The composite image register comprises component image registers respectively denominated A1 and A2. The gate electrodes in first layer of polysilicon are continuous across both the A1 and A2 registers, and during image integration times the collection of charge carriers generated by photoconversion takes place in the potential energy wells induced by relatively positive voltages in these gate electrodes. The gate electrodes in the second layer of polysilicon jog in position at the juncture between A1 and A2 registers, in effect changing the order in these registers of these second-layer gate electrodes with the portions of the area electrode in the third layer of polysilicon not electrostatically shielded against by the second-layer gate electrodes. This arranges the A1 and A2 registers for charge transfer in opposing directions during field transfer times when normal three-phase clocking resumes, (rather than clocking being halted as during image integration, with the first-layer gate electrodes being maintained relatively positive and the second-layer and third-layer gate electrodes being maintained relatively negative).
There are four first-layer gate electrodes and 29 columns in each of the A1 and A2 component image registers. So there are four rows of 210 photosensing sites in the composite image register. The large number of photosensing sites per row makes it impractical to show separately each column of the A1 and B1 registers and of the A2 and B2 registers, or to show each charge transfer stage of the C1 and C2 registers arranged to be sideloaded respectively from the B1 and B2 registers. So, there is considerable foreshortening in FIG. 5 of the extent of the VIS/NIR sensor from left to right. The further charge transfer stages in the C1 register, not explicitly shown, are implicitly indicated by the arrow specifying charge transfer in the righthand direction during serial read-out to electrometer stage E1 ; and, similarly, the further charge transfer stages in the C2 register, by the arrow specifying charge transfer in the lefthand direction during serial read-out of register C2 to output electrometer stage E2.
During field transfer intervals the A1 image register transfers charge packets through the charge transfer channels forming its respective columns into charge transfer channels forming the columns of a transfer storage B1 register. And the A2 image register transfers charge packets through the charge transfer channels forming its respective columns into charge transfer channels forming the columns of a transfer storage B2 register. There is synchronous three-phase clocking of the A1 and B1 registers and of the A2 and B2 registers during field transfer intervals, and this synchronous clocking continues for one row advance after the rows of the A1 and A2 registers are cleared of charge packets descriptive of picture element samples. The B1 and B2 registers have five rows apiece; and at the conclusion of field transfer a row of transfer smear response samples in each of these registers together with a row of R response samples, a row of G response samples, a row of B response samples and a row of NIR response samples. The generation of transfer smear samples by clocking a phantom row of charge samples across an image register, and the ways in which such transfer smear samples are used to improve CCD imager output signals are explained in detail by P. A. Levine in his U.S. Pat. No. 4,567,524.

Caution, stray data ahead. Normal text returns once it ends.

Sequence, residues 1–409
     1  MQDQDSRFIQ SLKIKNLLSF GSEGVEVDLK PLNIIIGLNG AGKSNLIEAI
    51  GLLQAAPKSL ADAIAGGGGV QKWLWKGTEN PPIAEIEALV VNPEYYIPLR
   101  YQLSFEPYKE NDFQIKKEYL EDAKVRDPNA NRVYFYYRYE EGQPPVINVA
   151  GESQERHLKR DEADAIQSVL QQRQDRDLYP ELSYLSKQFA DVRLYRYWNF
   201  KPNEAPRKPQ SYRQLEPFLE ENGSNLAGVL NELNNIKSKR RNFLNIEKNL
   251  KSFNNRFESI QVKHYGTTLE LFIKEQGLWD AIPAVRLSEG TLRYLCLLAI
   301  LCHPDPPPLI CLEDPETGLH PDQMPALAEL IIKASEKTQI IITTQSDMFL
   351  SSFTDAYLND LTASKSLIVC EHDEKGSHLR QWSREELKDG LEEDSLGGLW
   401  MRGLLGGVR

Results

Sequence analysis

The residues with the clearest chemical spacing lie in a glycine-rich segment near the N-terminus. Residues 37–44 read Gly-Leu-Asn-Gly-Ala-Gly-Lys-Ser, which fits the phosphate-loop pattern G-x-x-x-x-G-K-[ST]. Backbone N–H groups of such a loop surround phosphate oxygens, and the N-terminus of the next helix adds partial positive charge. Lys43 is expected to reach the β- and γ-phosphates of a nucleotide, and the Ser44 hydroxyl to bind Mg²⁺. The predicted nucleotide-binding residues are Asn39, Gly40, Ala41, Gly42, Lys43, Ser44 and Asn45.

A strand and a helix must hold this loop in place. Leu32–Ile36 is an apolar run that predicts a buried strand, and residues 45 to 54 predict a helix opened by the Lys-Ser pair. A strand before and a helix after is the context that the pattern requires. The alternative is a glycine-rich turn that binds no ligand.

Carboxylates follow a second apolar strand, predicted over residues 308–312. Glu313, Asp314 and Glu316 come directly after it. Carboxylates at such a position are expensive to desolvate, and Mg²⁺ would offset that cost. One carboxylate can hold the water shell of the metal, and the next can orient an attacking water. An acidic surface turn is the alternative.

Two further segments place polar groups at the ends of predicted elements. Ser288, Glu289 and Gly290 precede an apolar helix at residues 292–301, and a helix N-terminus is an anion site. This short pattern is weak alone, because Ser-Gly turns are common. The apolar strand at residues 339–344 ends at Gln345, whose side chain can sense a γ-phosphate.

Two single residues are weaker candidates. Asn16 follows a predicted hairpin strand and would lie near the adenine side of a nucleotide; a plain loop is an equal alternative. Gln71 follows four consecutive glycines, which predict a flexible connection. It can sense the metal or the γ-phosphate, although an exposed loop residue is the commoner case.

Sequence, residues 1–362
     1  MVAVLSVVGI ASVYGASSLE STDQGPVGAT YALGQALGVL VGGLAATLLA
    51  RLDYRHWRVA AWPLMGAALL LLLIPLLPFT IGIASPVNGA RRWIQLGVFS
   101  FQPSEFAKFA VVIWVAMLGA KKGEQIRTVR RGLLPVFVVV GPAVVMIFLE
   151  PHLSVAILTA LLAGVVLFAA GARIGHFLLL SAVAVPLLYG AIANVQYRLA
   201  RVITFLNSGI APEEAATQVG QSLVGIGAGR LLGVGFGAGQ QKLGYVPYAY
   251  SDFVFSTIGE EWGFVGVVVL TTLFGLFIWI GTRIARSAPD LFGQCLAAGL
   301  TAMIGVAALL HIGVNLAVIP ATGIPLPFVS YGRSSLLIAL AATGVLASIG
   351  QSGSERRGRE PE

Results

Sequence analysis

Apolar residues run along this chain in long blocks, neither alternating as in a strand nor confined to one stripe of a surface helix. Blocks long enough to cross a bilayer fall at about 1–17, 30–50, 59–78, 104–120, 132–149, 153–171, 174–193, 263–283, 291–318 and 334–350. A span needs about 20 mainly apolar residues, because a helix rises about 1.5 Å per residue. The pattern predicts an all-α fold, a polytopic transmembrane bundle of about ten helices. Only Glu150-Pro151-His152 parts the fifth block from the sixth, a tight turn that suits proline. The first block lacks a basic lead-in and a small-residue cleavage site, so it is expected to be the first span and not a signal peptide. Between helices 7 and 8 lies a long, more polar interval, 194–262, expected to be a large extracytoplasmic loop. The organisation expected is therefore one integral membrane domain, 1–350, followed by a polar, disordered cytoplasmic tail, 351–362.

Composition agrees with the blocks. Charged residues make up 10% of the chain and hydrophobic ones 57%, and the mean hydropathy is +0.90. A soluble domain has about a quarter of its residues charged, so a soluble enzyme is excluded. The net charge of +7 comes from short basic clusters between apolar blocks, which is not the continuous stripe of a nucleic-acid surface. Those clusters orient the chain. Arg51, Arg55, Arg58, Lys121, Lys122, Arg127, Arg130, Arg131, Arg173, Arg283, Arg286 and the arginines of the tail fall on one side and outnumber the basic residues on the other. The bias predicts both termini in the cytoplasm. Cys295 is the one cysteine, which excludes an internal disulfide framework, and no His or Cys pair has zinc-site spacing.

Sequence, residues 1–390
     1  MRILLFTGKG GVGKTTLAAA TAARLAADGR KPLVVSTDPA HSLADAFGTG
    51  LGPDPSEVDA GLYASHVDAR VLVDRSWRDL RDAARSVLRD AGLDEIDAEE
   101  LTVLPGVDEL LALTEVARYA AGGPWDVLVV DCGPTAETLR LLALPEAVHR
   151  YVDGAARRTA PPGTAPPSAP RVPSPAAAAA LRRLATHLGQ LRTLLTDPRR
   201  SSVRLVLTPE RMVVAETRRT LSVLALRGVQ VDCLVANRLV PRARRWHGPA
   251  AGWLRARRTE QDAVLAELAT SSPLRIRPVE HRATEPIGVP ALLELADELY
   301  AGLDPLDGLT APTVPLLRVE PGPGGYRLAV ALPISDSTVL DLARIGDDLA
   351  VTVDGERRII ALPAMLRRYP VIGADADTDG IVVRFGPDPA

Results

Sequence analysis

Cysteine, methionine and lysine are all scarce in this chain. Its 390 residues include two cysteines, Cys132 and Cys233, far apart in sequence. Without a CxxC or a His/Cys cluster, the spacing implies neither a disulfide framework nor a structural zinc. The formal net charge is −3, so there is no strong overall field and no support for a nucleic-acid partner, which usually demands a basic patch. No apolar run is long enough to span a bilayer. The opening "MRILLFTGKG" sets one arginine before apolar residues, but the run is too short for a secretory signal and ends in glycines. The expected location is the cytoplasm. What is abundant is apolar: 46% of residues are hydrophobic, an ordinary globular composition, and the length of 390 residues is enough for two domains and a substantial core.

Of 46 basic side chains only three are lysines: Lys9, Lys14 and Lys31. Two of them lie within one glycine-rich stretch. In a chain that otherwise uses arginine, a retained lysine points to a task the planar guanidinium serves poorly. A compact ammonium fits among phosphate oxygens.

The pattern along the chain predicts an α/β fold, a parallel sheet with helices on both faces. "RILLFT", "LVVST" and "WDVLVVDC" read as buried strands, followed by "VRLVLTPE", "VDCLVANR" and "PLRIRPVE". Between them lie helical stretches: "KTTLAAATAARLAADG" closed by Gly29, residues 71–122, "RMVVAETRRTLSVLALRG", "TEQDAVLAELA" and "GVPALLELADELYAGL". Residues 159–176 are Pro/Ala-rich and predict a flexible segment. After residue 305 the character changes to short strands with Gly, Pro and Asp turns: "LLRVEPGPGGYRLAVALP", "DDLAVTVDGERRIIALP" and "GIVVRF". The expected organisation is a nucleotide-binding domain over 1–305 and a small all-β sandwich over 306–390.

During each image integration interval subsequent to a respective field, transfer clocking is halted in the A1 and A2 registers with Φ2A and Φ3A phases which are held low, or relatively negative in potential. Charge carriers generated by photoconversion in the silicon substrate called under the gate electrode which is receptive of Φ1A phase held high and is nearest to the site of their generation. The lines of charge packets transferred to the B1 and B2 registers are clocked to advance lines of charge packets in ranks from one row to the next at selected times within the image integration interval, with the last lines transferred out of the B1 and B2 registers side-loaded in parallel into the charge transfer stages of the C1 and C2 registers, respectively. During this side-loading process clocking is halted in the C1 and C2 registers to condition their respective charge transfer stages to accept charge packets transferred from respective columns of the B1 and B2 registers. After the C.sub. 1 and C2 registers are side-loaded in parallel with lines of charge packets, C1 is clocked to transfer the charge packets therein serially to electrometer output stage E; and C2 is clocked to transfer the charge packets therein serially to electrometer output stage E2. Best modulation transfer factor (MTF) is obtained at lower C1 and C2 clocking rates, so it is advantageous to forward clock C1 and C2 registers in parallel using spatial division multiplexing of the E1 and E2 outputs. But one of the C1 and C2 registers may be forward clocked to transfer all image samples out of it, then the other one forward clocked to transfer all image samples out of it, in a time division multiplexing alternative mode of operation.
One skilled in the art of CCD imager design will notice the similarities of the charge transfer operations in th replicated line imager to the charge transfer operations in area imagers of field transfer type. FIG. 5 is of primary interest in discussing in more detail the layout advantage of the replicated line imager architecture shown in more abstract form in FIG. 2, particularly with regard to the solution of the problems with the routing of clocking voltage buses.